Since each article addresses different aspects of Buddhism in Mongolia, it is impossible here to outline all of the important studies found in the volume that could help better understand Mongolian Buddhism. Thus, as a legal historian, the reviewer will provide further discussion on two articles (chapters 13 and 12) involving the broader issue of “religion and justice,” to which the volume makes a significant contribution.
Christopher Kaplonski (chapter 13) describes how the socialist government of Mongolia employed legal courts as a strategic political means to destroy the power of high-ranking lamas in the 1930s. It is at first impressive that Kaplonski bases his arguments on criminal case records from 1938, which gave the reviewer a sense of high reliability. Using a legal system for political ends is probably not uncommon in history. The author seems to have been aware of the breadth of the issue, by comparing--not in detail but at a necessary level--the Mongolian case with those of contemporary Buryats and Jews. In this regard, it would have been more interesting if the author had mentioned the Inner Mongolian case in the turmoil of the Cultural Revolution in the People’s Republic of China. Furthermore, the reviewer would be interested in knowing whether the way in which lamas were excluded differed from that of non-lamas. The issue of genocide in Mongolia is also a concern for scholars of the Mongol Empire. Finally, it is worth noting that the use of a legal system as political means frequently occurs in many countries, even today.
Another article closely relevant to the reviewer’s concerns is chapter 12, by Vesna A. Wallace. The author illustrates the Buddhist practices related to the natural world, both in the historical past and present-day Mongolia. It can thus be evaluated as one of the most representative articles of the volume, dealing with the relationship between Buddhism and Mongolian indigenous culture. An important fact described in this chapter is that both traditional and democratic Mongolian governments have officially recognized “sacred places” and support the practices of worshiping them. Such an official stance towards the natural world is, to my knowledge, quite rare in modern countries. However, some recent cases concerning natural resource development in Mongolia have created strong impressions that governmental or legal protection of the natural world is merely nominal or at least dysfunctional in practice. A practical question is, what would the government do if there was a sacred place found with abundant natural resources which would bring about enormous profits for the government? This reviewer would be interested in having an answer to this question.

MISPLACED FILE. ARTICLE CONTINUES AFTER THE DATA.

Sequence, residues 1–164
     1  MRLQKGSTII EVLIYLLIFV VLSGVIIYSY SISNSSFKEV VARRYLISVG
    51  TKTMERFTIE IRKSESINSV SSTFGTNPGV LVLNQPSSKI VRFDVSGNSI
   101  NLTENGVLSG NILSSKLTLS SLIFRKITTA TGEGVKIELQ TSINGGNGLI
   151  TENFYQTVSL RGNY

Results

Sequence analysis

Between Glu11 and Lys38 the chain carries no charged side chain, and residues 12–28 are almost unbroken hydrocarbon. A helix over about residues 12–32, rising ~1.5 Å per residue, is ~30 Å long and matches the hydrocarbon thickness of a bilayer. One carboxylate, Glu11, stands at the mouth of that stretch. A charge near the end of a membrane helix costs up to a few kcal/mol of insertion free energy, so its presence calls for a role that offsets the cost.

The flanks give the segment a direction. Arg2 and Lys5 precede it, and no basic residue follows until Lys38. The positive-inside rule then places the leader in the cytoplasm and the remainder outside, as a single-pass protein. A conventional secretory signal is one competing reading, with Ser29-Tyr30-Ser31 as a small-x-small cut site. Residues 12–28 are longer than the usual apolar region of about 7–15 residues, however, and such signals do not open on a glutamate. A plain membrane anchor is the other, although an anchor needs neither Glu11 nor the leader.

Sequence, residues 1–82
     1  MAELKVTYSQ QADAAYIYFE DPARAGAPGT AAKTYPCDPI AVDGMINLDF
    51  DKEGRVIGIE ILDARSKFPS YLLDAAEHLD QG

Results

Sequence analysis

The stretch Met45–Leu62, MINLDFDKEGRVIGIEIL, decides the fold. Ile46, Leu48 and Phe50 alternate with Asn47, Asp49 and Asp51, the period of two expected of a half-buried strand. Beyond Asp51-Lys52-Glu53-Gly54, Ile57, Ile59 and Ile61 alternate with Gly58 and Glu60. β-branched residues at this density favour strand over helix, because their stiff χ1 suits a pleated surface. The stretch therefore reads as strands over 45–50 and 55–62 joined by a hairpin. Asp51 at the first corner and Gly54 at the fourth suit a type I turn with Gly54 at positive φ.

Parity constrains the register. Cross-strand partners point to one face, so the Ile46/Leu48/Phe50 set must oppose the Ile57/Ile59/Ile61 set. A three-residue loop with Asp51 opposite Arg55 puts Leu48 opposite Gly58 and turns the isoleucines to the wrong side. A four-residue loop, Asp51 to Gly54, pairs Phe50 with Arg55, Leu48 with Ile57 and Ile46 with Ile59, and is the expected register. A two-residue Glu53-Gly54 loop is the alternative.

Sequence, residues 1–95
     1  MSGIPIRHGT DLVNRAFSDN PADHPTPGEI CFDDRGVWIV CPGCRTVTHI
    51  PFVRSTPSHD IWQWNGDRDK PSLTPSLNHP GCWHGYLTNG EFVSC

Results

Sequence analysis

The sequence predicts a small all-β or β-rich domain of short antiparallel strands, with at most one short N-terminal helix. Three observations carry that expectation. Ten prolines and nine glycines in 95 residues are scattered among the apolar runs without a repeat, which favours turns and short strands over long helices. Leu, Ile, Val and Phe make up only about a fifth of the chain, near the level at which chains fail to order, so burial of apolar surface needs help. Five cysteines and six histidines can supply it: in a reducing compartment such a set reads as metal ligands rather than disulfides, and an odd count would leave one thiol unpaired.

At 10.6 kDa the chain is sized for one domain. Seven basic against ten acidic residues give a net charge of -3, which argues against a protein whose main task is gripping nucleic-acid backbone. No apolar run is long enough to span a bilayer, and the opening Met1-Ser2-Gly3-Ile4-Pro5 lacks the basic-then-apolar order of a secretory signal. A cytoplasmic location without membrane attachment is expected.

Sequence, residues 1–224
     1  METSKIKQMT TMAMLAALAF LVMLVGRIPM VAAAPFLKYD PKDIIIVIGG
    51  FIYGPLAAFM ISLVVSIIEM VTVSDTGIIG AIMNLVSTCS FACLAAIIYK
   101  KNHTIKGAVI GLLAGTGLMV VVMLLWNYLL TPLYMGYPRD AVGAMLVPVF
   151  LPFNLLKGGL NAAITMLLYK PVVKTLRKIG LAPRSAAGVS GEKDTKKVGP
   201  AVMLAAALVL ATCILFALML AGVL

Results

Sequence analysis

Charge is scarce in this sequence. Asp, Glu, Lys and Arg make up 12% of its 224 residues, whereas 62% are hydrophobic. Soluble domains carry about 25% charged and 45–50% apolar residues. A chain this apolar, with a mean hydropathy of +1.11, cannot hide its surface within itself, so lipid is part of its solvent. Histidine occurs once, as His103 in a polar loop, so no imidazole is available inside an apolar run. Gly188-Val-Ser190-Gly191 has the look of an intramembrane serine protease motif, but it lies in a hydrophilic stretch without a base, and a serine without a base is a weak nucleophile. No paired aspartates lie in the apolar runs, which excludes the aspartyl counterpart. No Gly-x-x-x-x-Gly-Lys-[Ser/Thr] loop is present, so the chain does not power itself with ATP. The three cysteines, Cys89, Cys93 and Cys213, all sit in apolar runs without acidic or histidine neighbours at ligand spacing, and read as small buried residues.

Although, as the editor admits, it is impossible to address all relevant topics of Buddhism in a single volume, it is necessary not to neglect the rapid revival of modern-day shamanism if we are to properly understand the interaction between Buddhism and shamanism. As many have already observed, shamanism, the Mongolian indigenous “religion” which had long been suppressed by the Buddhist and communist states, is rapidly being revived, not only in Mongolia but also in Buryatia and Inner Mongolia. This movement seems to have made the relationship between Buddhism and shamanism more complex than it has ever been. Partly relevant to this issue, another shortcoming of this volume is the scarcity of new information on present-day local practices of Buddhism, or religion broadly, in the Mongolian world. Fieldwork-based anthropological and sociological research on the subject is urgently needed.
If there is additional discussion of this review, you may access it through the network, at: https://networks.h-net.org/h-asia.
Khohchahar E. Chuluu. Review of Wallace, Vesna A., ed., Buddhism in Mongolian History, Culture, and Society.
H-Asia, H-Net Reviews.